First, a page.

Recently we had the opportunity to get our VP of network growth, James Marland, in the same room with Andrew Bartolini, who is Managing Partner and Chief Research Officer at Ardent Partners. This resulted in four interesting conversations around the topic, “The future of procurement.” The first conversation revolved around procurement innovation, which can be listened to in its entirety here:
James and Andrew discuss how procurement is changing, and some of the driving factors behind this change. This is a topic that I also covered in the article: ‘The End of Procurement’. The article is from the perspective of DSM, a leading life sciences company where one of the main drivers to innovate procurement was an expected future scarcity of resources.
Andrew points to another driving force that requires procurement to change; the increasing pace of innovation in the marketplace. This increase also causes procurement to take a leading role.
“We’ve seen innovation in industries like consumer electronics where market leaders shift to market laggards in a matter of 2 or 3 cycles, over the course of just 1 or 2 product releases, this puts procurement at the front of business as we think about the relationship it must manage on the supply side in particular.”
The technology sector is not the only place where the ability to take advantage of innovation in the supplier base has become critical for long term survival.
Andrew says, “What this has done is that no company can afford to go at it alone anymore. Companies have become much more reliant on their supply chains to drive business value.”
On the role of technology
Technology has traditionally played an important role in the development of the profession, partially because of the visibility it provided. This enabled procurement to showcase the potential for savings and the potential impact on profitability.
Andrew stated, “To be able to grab and aggregate data, the spend that provides visibility really became the catalyst to this next move where you have a Chief Procurement Officer, key point of contact, leader of the procurement organization in about 90% of organizations, a role that simply didn’t exist for most companies a decade ago.”
Now, the role of suppliers is being reevaluated and suppliers are seen more and more as assets that warrant regular investments, and not just a source of cost. Technology is helping to bring in the next phase of innovation. For instance, removing obstacles that hinder a productive cooperation with suppliers.
“Remove all of that noise and that allows you to then get into more proactive conversations that are about business goals and objectives that you and your organization have over the next 3 to 5 years and getting the alignment from your suppliers and getting them vested into those goals and objectives.”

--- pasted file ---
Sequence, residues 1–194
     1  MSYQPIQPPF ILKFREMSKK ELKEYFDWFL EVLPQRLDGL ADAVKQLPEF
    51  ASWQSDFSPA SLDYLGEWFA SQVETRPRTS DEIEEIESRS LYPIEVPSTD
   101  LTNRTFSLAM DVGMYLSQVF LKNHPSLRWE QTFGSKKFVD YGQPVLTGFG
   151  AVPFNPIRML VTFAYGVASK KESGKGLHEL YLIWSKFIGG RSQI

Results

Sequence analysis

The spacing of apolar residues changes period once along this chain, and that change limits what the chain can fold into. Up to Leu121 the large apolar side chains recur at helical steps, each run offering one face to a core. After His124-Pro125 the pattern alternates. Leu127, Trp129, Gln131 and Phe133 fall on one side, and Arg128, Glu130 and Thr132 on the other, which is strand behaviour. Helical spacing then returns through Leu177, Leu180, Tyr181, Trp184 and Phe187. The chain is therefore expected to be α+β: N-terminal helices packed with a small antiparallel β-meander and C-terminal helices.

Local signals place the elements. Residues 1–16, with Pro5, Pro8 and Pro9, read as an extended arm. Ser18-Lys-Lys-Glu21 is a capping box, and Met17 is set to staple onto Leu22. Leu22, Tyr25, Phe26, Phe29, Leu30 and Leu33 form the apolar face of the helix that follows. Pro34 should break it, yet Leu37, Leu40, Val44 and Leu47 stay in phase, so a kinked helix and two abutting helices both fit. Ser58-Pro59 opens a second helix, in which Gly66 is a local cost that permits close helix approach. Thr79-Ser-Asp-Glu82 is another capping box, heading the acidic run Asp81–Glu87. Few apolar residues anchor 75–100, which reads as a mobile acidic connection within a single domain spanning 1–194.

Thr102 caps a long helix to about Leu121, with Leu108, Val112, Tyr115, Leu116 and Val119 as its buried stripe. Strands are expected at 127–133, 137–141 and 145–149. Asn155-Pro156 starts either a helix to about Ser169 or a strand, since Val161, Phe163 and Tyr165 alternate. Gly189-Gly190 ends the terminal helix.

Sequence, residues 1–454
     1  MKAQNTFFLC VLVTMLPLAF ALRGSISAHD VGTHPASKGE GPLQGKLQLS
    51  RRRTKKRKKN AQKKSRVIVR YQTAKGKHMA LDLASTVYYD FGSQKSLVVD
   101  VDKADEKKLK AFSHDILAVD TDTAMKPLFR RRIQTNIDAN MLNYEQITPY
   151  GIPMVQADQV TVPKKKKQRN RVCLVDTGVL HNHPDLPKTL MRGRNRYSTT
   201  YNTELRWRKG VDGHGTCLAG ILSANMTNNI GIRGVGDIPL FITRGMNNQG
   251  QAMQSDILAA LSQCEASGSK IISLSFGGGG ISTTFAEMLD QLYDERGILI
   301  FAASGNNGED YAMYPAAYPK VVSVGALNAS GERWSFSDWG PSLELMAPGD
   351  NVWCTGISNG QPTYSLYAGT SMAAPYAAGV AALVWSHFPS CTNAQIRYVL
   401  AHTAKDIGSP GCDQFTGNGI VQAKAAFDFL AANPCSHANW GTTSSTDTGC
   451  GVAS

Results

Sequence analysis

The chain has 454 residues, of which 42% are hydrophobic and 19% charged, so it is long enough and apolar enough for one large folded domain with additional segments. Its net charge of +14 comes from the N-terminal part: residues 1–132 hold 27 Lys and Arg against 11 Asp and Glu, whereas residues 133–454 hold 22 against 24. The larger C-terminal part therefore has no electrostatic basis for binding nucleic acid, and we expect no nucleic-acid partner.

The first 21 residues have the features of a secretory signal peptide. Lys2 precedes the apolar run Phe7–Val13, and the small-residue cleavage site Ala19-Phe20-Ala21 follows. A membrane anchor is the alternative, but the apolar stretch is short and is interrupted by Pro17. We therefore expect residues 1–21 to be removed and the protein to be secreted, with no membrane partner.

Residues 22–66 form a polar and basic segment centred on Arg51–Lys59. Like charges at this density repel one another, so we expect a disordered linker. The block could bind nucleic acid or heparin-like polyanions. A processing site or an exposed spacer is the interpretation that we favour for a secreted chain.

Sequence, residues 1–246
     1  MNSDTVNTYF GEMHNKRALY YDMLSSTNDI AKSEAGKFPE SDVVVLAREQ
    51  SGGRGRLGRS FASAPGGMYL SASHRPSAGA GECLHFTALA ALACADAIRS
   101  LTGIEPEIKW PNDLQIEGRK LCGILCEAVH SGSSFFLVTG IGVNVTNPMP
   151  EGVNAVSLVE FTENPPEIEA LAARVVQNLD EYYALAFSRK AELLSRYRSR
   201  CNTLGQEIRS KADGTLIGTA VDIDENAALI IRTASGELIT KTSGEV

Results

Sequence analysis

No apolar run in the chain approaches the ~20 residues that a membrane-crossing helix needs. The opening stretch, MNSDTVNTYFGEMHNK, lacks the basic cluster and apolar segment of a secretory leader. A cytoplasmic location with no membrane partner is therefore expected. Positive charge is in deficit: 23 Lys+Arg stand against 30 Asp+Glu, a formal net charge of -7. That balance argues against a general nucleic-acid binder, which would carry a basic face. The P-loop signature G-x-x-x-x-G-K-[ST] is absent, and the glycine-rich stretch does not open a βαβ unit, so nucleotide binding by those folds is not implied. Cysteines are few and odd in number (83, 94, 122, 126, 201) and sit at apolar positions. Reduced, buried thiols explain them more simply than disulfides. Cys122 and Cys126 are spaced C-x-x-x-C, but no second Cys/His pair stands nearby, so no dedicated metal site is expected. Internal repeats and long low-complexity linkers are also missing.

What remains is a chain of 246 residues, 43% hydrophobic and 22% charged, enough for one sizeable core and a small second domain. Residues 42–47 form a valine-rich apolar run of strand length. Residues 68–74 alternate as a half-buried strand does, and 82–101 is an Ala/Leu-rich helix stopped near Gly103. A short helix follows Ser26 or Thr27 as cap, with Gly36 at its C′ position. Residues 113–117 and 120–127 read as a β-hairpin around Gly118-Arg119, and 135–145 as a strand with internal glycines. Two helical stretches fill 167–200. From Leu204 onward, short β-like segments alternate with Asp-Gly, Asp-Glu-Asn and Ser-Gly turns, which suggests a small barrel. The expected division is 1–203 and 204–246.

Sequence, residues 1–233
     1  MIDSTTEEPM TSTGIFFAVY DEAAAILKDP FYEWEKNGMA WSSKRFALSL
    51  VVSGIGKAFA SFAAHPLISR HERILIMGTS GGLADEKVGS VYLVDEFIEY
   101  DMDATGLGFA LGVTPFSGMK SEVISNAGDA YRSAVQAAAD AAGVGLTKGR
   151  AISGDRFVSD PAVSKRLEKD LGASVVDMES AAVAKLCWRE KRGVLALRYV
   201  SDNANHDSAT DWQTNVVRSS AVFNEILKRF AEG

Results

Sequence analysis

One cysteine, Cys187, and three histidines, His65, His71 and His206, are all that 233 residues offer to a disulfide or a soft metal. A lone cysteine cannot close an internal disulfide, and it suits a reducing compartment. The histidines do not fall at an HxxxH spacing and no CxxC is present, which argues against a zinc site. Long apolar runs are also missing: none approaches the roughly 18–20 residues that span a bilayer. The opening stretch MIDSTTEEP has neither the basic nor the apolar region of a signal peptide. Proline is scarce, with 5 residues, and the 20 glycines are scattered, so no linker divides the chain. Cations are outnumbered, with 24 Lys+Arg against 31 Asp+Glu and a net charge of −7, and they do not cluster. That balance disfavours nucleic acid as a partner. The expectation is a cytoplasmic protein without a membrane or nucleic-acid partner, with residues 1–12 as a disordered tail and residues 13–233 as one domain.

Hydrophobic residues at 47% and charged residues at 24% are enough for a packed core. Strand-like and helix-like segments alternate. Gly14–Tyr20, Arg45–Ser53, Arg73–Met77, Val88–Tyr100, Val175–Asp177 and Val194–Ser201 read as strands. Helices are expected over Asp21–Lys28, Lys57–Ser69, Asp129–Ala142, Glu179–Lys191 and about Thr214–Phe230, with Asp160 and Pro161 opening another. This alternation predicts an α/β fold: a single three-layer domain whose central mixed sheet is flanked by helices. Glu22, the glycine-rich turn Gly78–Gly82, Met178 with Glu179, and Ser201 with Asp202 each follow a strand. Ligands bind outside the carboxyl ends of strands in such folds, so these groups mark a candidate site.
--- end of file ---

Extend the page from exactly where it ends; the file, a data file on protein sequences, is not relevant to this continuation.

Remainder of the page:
How Procurement is taking on extra responsibilities
Removing those obstacles and automating the basics has become a requirement also demonstrated by procurement taking on additional initiatives. This development is putting even more pressure on procurement departments to essentially do more with less.
“With procurement being tasked with other initiatives like supplier risk, like accounts payable, broader initiatives like contingent workforce management, like business travel. All of these area’s require business resources. With these responsibilities doesn’t come a full headcount, you have to be efficient, you have to be smart and automating something like the sourcing process and capturing that information so that when the contract is due you are starting 70-80% down the road.” -Andrew
Understaffed departments are the new normal. This means that organizations have to work smarter and have to be more agile. There is an opportunity cost for every project that they take on.
A changing workforce will impact procurement
To make matters even more challenging businesses are facing a new workforce at the same time. According to Andrew, talent acquisition and retention is one of the biggest challenges that CPO’s are facing right now. As employees have become more mobile, day to day sourcing practices are directly influenced.
“I read a statistic recently that the average tenure is 3.8 years, the average procurement contract may be 3 to 5 years. So it’s quite likely that every time I am resourcing a category, the guy who originally sourced it is no longer with the company,” said James Marland
Which is why according to Andrew, “You can’t afford to reinvent the wheel with procurement organizations being tasked with doing more with less.”
I think James and Andrew have raised some very interesting points here. How do you see procurement dealing with some of these new challenges? How is your organization handling them? What opportunities does it offer to procurement?
Please stay with me for the next podcast which discusses the role of Risk within procurement.
In the meantime you can listen to the webinar replay where Andrew Bartolini discusses the current state of procurement and future strategies for success. Registrants get access to Ardent’s CPO rising 2015 report that is based on the responses of 318 CPO’s and procurement executives.
Or you can register and join hundreds of peers live at Ariba Live in Munich, June 8-10. You can see the current line-up here.